Fortune 500 companies in the United States with the highest representation of women on their boards (19 to 44 percent women) generate 16 percent higher net income as a percentage of revenue than companies without such representation.

Students from California State University-Chico explain their business plan to judges in the Department of Energy’s 2016 Collegiate Wind Energy Competition. Image:Dennis Schroeder, National Renewable Energy Laboratory/Flickr

We also know that hiring more women boosts economic activity. National economic competitiveness correlates strongly with levels of gender equality. In a recent report, McKinsey estimated that if women achieved full parity with men in labor markets, global economic growth could increase by US$12 trillion by 2025.

More sustainable, more inclusive

Closing the energy gender gap can also accelerate the transition to more sustainable and renewable energy systems. Research shows that having a more diverse workforce leads to more – and more radical – innovation.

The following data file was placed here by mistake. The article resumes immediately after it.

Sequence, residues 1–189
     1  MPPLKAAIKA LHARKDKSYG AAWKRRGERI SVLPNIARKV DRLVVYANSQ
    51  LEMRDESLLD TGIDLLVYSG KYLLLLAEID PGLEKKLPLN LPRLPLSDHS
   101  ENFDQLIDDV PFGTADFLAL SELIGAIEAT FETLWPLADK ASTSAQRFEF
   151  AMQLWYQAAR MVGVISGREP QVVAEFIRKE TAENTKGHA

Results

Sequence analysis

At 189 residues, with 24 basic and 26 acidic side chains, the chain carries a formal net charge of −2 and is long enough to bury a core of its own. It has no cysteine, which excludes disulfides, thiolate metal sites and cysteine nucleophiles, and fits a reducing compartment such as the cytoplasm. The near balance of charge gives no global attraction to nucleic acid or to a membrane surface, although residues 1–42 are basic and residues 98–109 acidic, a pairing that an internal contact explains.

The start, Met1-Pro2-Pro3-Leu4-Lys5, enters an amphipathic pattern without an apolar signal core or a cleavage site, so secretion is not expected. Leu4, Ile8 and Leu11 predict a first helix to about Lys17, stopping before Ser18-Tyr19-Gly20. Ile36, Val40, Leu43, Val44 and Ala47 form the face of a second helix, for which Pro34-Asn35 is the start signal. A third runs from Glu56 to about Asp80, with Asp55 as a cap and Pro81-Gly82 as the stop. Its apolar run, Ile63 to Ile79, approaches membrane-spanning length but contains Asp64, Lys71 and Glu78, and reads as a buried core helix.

Involving women generally leads to decisions that are better for the environment. In industrialized countries, women are more likely than men to express environmental concern, support environmental protection and engage in environmentally friendly behavior. Companies with more women on their board are more likely to proactively invest in renewable energy and reduce carbon emissions throughout their supply chain.

Project manager Mallory Lindgren explains how she uses GIS software to site renewable energy projects.

Greater participation by women can also promote more inclusive decision-making. Researchers have found that effective cooperation in groups is linked to the number of women involved. They attribute this to women’s strength at reading nonverbal cues and encouraging greater participation by their peers.

And energy companies have much to learn from women’s perspectives. Since women are often responsible for household decision-making on energy choices, hiring more women could help companies understand their customers and be more responsive to them.